Gardening Magazine

Plant of the Week: Convallaria Majalis

By Davis Landscape Architecture @DavisLandArch

Convallaria majalis Flower (17/05/2012, Prague, Czech Republic)

Convallaria majalis Flower (17/05/2012, Prague, Czech Republic)

Position: Dappled shade to shade

Flowering period: Late spring

Soil: Moist, well drained

Eventual Height: 30cm

Eventual Spread: 10cm

Hardiness: 3a – 9a

Family: Asparagaceae

Subfamily: Nolinoideae

Convallaria majalis is a spreading herbaceous perennial. Its dark green leaves are lanceolate with entire margins, are up to 25cm long, emerge from upright dormant stems in spring and appear in one or twos . Its fragrant white flowers are tepals and bell shaped, up to 1cm across and appear in racemes of up to 15 flowers on the apex of an erect stem. Its fruit is a red berry which is up to 7mm across. Its roots are rhizomes and these aid the spread of this pant.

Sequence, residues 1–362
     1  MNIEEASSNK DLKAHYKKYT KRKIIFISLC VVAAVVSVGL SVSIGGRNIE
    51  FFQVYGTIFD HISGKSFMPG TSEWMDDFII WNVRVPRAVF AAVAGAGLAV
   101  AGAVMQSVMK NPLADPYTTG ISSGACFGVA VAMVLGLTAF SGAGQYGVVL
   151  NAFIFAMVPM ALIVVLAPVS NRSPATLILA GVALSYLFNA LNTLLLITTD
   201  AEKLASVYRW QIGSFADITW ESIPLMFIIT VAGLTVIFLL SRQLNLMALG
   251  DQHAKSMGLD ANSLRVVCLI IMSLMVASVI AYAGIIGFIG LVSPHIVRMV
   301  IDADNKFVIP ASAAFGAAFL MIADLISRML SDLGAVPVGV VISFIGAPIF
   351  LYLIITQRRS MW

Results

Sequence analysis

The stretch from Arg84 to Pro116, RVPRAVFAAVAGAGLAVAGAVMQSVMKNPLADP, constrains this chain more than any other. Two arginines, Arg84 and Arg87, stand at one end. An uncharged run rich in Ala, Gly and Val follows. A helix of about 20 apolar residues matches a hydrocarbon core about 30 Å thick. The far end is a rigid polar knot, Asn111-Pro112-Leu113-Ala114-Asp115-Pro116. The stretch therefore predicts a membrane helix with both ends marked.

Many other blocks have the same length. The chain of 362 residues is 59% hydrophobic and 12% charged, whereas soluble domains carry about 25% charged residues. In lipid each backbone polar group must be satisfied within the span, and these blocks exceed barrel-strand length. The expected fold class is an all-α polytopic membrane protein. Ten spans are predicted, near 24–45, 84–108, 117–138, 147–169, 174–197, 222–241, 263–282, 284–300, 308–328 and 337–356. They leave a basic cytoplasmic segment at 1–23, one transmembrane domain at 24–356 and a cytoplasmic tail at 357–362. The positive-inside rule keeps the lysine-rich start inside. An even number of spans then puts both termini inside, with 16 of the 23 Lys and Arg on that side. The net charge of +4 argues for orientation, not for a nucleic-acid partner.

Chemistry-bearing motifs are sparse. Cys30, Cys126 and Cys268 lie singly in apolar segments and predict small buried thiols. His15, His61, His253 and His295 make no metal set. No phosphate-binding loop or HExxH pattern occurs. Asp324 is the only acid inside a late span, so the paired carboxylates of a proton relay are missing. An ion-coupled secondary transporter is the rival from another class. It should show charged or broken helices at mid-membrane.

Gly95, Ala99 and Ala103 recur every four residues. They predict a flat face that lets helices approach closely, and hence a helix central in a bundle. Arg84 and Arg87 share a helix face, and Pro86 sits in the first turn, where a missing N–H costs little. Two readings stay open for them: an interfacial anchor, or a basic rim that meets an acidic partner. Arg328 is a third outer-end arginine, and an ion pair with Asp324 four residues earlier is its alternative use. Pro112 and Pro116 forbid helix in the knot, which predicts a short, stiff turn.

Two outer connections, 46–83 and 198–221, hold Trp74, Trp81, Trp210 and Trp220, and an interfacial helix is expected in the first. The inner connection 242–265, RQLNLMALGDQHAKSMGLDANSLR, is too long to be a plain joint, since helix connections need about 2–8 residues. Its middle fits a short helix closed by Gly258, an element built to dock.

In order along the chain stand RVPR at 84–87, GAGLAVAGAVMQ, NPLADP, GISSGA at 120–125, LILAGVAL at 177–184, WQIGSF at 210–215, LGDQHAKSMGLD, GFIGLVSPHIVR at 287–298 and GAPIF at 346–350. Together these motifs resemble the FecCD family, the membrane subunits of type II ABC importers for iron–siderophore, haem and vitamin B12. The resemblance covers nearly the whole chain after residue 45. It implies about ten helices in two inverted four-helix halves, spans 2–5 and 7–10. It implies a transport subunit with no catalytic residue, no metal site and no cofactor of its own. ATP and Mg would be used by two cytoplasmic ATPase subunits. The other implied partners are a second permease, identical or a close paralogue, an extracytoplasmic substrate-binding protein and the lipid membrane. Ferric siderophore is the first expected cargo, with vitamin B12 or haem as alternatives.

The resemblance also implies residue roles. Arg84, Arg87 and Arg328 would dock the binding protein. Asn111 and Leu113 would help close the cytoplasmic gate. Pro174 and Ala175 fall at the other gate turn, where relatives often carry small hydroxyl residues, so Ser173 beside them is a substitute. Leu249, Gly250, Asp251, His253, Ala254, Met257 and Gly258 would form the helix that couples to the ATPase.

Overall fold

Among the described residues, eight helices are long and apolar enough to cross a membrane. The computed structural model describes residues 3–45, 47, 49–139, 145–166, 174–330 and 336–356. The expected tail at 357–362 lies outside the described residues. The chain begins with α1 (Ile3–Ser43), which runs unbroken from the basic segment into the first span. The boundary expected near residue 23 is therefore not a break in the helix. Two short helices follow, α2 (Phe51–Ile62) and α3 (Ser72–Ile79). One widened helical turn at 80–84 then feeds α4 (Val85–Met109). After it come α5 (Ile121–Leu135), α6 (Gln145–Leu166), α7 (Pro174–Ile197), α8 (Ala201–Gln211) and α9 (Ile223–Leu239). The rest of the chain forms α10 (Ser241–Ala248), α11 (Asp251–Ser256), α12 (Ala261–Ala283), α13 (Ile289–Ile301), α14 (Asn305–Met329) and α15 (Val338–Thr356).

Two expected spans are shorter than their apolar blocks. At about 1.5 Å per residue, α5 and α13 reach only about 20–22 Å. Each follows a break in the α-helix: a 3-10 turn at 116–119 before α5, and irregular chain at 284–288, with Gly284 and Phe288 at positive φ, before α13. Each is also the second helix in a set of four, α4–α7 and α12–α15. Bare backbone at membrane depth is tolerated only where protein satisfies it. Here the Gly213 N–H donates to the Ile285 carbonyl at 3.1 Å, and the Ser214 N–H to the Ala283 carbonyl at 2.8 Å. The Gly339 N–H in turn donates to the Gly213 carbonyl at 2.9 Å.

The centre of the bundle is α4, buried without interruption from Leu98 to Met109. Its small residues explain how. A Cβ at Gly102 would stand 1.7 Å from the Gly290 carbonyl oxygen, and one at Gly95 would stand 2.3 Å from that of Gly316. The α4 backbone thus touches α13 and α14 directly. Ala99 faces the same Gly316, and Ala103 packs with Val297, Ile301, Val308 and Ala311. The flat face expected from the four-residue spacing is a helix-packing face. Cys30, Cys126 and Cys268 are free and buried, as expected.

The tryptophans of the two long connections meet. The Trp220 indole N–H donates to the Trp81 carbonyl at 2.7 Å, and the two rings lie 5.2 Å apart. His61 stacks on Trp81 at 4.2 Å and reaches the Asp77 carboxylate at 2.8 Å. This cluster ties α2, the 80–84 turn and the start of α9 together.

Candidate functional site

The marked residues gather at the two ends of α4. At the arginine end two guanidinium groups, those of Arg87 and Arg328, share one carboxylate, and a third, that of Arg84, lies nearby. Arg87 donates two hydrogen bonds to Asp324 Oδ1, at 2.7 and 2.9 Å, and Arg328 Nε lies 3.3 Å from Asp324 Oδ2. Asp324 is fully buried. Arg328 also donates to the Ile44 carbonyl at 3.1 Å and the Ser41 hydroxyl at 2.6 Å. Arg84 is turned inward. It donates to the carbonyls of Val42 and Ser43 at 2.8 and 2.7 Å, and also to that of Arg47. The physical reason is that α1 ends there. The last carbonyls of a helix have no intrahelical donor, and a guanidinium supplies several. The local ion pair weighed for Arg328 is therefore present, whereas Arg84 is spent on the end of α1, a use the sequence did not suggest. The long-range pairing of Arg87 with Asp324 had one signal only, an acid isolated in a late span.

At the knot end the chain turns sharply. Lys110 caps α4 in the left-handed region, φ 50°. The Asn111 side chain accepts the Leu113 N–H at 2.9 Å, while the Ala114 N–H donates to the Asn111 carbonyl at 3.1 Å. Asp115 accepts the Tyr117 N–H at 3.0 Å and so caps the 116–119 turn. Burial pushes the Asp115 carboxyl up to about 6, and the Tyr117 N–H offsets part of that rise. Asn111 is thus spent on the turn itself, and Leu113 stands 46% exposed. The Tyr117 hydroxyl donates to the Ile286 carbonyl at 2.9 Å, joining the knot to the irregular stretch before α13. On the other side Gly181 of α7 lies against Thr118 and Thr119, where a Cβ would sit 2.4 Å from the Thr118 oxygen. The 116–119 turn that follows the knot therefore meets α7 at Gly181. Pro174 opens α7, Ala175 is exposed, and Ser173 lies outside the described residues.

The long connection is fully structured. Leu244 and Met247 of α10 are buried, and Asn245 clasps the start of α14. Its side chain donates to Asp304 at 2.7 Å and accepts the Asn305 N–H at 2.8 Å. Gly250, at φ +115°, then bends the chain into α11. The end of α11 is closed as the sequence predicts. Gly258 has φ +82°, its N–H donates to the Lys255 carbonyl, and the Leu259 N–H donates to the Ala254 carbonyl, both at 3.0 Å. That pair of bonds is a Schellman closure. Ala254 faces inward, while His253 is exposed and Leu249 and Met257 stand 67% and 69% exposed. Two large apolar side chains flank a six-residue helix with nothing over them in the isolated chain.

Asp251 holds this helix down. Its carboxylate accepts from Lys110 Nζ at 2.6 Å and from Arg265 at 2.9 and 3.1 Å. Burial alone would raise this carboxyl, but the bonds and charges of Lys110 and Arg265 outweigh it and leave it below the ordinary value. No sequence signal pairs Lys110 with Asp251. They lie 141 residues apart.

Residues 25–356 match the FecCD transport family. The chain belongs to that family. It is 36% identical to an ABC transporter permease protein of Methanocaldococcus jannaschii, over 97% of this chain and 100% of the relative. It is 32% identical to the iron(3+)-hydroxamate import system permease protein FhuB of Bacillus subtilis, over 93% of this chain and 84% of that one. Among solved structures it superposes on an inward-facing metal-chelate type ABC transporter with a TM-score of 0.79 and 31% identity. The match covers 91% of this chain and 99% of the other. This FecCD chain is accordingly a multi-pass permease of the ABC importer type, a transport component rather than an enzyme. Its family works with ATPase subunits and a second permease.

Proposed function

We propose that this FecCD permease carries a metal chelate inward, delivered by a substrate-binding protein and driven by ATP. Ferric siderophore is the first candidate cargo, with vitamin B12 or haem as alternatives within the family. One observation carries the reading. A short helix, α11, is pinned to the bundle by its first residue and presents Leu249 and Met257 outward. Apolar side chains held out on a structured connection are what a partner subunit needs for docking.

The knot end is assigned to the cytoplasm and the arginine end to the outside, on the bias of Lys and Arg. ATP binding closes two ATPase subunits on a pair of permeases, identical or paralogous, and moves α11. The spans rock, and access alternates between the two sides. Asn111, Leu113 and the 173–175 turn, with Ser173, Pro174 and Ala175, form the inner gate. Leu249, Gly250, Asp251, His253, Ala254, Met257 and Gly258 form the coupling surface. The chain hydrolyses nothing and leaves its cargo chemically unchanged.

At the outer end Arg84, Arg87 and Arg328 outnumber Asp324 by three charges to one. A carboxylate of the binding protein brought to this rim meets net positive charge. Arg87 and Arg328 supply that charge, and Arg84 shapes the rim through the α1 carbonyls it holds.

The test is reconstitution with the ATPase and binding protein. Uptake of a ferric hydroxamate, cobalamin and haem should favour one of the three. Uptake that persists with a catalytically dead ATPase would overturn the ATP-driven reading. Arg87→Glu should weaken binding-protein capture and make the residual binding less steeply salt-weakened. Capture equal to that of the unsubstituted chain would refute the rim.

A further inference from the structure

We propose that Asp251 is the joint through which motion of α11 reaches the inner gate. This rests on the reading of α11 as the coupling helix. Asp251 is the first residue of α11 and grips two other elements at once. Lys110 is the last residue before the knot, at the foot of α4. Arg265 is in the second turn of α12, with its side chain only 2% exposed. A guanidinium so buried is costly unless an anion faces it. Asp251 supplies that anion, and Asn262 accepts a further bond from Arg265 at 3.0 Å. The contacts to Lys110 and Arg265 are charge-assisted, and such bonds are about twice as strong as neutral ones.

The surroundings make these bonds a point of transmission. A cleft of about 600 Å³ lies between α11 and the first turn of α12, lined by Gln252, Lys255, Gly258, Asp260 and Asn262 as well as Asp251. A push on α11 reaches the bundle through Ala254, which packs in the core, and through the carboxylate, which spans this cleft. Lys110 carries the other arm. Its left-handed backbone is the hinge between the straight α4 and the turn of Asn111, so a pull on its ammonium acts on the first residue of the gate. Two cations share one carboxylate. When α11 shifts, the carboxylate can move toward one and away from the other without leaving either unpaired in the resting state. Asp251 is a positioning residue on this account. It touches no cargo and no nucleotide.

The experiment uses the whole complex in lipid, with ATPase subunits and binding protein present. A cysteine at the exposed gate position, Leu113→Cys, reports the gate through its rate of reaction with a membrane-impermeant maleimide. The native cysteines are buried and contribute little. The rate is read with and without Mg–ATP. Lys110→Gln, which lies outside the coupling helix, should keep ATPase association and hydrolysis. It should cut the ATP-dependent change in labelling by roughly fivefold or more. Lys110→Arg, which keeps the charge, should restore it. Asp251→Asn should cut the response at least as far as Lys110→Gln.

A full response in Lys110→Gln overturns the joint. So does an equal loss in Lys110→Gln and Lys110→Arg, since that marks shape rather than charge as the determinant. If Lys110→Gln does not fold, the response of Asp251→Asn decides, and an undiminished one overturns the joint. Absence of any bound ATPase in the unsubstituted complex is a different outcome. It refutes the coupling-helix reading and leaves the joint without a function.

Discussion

Convallaria majalis, commonly known as Lilly of the Valley, Our Lady’s Tears, Mary’s Tears, May Lilly or May Bells, is native throughout the cool temperate regions of Asia and Europe (including the UK). This plant may be invasive in some locations. All parts of this plant are poisonous.

Convallaria majalis (17/05/2012, Prague, Czech Republic)

Convallaria majalis (17/05/2012, Prague, Czech Republic)

The etymological root of the binomial name Convallaria is derived from the Latin convallis meaning ‘valley’, in reference to its common name. Majalis is derived from the Latin maialis meaning ‘of May’

The landscape architect may find Convallaria majalis useful as an effective low growing ground cover, particularly in shady locations. Care should be taken when locating this plant as it is poisonous.

Ecologically, C. majalis is very attractive to bees and pollinating insects.

The Royal Horticultural Society has given C. majalis their prestigious Award of Garden Merit in 1993.

C. majalis prefers moist, fertile, humus rich, well-drained soils. It tolerates most pH of soil.

Convallaria majalis requires little maintenance. Large clumps may be divided in autumn.

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